VLSI Systems #4
Circuit analysis and logic design.
P.J. Drongowski
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nMOS logic
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Operating principles.
* Represent 0 and 1 by the absence and presence of positive charge.
* Charge and discharge gate capacitors by selectively turning
(other) transistor channels on and off.
Draw picture of two transistors whose drains are connected to the
gate of another transistor. Connect the sources to +Vdd and ground.
Explain how switching one or the other of transistors on and off
will charge and discharge the gate.
Draw the equivalent low pass network. Explain that charge up and
down will be governed by RC constant for the appropriate part of
the network. Draw the voltage versus time curve for:
V(t) = Vdd(1 - exp(-t/RC ))
gate
Gate capacitance will slowly rise to Vdd-Vth, and will
quickly fall to about zero. Emphasize that rise and fall times
are asymmetric. Give equation for gate capacitance:
Epsilon x W x L
C = ---------------
gate D
where Epsilon = Insulator permittivity (0.03 pF/cm typical)
D = Insulator thickness (1000 Angstroms)
W,L = Transistor width and length
Hence, increasing the size of gate to be charged or increasing
the length of the channel through which the charge is transfered,
will increase the switching time of the circuit!
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Transit time (Optional)
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Transit time. The minimum time in which a charge placed on the
gate of a transistor will result in the transfer of a similar
charge through the channel to the gate of a subsequent transistor.
Since electrons are the charge carriers, transit time can also be
defined as the average time required for an electron to move from
the source to the drain.
2
L L L
Tau = -------- = ------ = --------
velocity mu x E mu x Vds
where mu = electron mobility
E = electric field
L = channel length
Vds = drain to source voltage
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Inverters and depletion transistors
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Resistive load.
* Use long diffusion wire for load.
* Wire must be 5000 microns long (10 ohms/square diffusion
sheet resistance, 10,000 ohm load required.)
Enhancement load.
* Draw enhancement load inverter.
* Uses high channel resistance as load.
* Explain operation for inputs of 0 (ground) and 1 (Vdd.)
* Output will only rise to Vdd - Vth.
Depletion load.
* Implant phosphorous ions into region under gate.
* Makes Vth negative (-2 volts typical.)
* Pull-ups are always turned on. Explain how this increases
power consumption.
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Restoring logic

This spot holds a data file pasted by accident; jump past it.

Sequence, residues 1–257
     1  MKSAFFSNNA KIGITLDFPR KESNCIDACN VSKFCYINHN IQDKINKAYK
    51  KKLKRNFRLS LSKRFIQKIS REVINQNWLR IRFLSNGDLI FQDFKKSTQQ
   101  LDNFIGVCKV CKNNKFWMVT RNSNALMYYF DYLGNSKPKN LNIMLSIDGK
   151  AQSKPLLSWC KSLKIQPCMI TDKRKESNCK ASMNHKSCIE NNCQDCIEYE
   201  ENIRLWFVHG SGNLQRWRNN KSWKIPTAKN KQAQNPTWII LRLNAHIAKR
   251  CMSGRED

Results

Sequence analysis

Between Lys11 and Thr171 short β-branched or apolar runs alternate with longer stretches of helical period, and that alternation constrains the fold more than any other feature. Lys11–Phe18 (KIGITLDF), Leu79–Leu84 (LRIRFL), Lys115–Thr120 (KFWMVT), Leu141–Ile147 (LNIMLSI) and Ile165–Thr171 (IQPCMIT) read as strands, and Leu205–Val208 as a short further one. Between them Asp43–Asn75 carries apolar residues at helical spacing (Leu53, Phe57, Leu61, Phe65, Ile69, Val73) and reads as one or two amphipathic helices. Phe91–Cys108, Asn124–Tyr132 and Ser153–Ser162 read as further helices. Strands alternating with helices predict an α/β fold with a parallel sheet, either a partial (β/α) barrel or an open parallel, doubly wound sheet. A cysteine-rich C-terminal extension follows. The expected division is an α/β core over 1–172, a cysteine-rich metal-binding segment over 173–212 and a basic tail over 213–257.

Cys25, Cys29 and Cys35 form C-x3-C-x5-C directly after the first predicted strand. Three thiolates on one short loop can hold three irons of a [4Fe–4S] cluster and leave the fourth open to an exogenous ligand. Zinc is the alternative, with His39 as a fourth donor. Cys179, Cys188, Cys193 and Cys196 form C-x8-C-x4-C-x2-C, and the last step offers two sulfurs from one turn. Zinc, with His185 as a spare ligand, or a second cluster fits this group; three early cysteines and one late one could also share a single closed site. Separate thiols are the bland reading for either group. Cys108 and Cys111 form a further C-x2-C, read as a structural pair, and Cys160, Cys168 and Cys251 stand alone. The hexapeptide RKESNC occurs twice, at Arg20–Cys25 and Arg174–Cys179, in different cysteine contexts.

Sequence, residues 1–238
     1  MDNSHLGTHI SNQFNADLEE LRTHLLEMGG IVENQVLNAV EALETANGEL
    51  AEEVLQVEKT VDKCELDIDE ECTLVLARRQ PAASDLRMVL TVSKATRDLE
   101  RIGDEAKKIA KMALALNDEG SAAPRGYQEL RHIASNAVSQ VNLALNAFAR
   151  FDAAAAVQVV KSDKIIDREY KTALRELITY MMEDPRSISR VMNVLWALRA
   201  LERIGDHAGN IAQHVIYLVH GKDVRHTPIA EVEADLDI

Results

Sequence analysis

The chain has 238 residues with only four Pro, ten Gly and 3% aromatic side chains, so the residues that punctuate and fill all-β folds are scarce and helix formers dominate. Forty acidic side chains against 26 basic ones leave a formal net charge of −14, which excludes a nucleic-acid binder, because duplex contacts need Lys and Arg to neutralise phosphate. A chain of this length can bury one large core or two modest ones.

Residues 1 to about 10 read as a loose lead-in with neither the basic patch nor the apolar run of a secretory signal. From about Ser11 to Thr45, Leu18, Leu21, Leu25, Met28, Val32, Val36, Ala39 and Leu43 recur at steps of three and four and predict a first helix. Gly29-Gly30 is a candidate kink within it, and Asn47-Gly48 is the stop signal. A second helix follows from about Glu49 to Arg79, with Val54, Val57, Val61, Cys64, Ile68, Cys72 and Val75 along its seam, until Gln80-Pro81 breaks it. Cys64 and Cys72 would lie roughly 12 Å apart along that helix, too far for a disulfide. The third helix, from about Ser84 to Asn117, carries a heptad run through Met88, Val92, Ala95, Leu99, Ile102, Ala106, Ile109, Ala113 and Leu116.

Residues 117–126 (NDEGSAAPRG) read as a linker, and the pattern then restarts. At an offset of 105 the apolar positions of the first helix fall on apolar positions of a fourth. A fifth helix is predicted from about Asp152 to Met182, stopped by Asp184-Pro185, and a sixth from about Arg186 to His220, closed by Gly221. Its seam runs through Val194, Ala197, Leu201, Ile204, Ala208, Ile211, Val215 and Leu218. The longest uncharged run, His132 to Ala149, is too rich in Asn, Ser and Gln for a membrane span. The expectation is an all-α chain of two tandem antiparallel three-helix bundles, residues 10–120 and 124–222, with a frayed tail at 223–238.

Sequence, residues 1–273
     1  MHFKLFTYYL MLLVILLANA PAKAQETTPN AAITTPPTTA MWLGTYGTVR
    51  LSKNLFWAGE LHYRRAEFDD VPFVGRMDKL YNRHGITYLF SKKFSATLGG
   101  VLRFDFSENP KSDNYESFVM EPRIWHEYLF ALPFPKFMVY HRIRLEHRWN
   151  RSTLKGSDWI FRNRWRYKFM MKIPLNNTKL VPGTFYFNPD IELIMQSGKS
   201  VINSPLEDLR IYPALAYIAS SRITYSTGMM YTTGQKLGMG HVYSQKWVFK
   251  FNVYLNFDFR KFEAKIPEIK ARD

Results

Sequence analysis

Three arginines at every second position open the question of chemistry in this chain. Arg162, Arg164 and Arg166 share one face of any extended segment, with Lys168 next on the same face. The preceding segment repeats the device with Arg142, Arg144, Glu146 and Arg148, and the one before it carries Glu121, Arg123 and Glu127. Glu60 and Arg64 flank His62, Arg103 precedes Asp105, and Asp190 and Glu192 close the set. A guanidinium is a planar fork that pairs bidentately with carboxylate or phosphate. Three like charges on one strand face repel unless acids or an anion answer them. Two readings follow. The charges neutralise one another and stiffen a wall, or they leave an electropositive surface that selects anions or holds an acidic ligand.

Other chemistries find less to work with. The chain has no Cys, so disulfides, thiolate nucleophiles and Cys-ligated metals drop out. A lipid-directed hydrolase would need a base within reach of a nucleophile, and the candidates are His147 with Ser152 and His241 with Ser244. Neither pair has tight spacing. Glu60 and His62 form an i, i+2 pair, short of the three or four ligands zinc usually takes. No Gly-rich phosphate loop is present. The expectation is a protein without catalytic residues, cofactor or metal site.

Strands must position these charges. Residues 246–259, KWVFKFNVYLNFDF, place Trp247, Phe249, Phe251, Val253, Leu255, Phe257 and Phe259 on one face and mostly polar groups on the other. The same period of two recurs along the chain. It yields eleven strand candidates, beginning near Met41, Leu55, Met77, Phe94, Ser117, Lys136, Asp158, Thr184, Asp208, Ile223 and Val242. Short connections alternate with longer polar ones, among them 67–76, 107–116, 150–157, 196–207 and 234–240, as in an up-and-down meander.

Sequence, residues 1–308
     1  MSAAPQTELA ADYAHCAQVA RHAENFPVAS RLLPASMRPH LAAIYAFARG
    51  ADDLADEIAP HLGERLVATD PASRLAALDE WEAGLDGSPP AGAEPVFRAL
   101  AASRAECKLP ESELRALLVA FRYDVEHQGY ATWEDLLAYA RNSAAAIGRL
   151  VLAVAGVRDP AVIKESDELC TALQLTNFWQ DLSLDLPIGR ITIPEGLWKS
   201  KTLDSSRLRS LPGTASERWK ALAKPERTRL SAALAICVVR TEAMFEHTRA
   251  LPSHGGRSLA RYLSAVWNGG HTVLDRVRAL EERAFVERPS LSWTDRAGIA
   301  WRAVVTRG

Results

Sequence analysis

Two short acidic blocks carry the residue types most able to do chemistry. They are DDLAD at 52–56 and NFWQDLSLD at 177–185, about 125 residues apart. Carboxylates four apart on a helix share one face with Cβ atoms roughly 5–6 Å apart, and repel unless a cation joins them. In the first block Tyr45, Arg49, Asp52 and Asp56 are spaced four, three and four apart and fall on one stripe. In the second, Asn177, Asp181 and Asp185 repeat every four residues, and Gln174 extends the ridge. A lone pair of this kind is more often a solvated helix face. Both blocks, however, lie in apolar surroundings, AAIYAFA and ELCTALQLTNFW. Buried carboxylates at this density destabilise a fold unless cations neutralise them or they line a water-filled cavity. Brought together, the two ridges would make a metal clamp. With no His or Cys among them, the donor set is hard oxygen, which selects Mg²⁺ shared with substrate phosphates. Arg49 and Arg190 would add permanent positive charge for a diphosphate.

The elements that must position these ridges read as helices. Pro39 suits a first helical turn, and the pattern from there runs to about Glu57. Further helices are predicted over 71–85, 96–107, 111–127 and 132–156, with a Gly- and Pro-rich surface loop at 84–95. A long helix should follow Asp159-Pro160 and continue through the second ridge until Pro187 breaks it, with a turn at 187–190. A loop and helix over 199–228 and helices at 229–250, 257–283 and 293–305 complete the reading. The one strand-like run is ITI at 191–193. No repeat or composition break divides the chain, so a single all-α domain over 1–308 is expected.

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Motivation.
* Information is stored as energy which is slowly depleted.
* Logic circuits must have a power gain of greater than one
to restore the energy which is depleted.
* This also means we need an external power supply, of course!
Before defining "gain" we need to state the equations for Ids.
There are three important modes of operation.
Vgs < Vth Ids = 0
W Vds
Vds <= Vgs - Vth Ids = Beta --- Vds [ Vgs - Vth - ---]
L 2
W 1 2
Vds > Vgs - Vth Ids = Beta --- --- (Vds - Vth)
L 2
Draw the family of Ids vs. Vds curves for Vgs = 1, 2, 3, 4 volts.
Explain the meaning of the term "saturation." (Once Vds = Vgs - Vth,
an increase in Vds will not increase Ids.)
Define the power gain for an inverter to be the ratio of the
pull-down and pull-up currents. (Assumes that inverter drives
a logic stage which is the same size as its own.)
Ids
pd
Gain = -----
Ids
pu
Since the current flow through a transistor is proportional to
the width to length ratio of the transistor (Ids <> W/L) the
gain is set by the ratio of the ratios!
(W/L)
pd
Gain = -------
(W/L)
pu
Beware! Mead and Conway define gain in terms of the (L/W) ratios
and hence, gain is defined as:
(L/W)
pu
Gain = -------
(L/W)
pd
Draw the Vin vs. Vout transfer curve. Explain that gain is the
slope of the curve. Inverters need a gain of 3-4 to function
properly. (In terms of correct logic levels, the curve will
shift up and down, meaning that Vout may float near or above
Vth.)
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Logic design
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All nMOS logic is a variation of the inverter. Explain operation
of NAND and NOR logic.
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Design considerations
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Three questions to ask during circuit design.
1. How fast can (should) the circuit switch? (Speed)
2. How much power does the circuit require? (Power)
3. Are correct voltage levels maintained? (Noise immunity)
Copyright (c) 1984 Paul J. Drongowski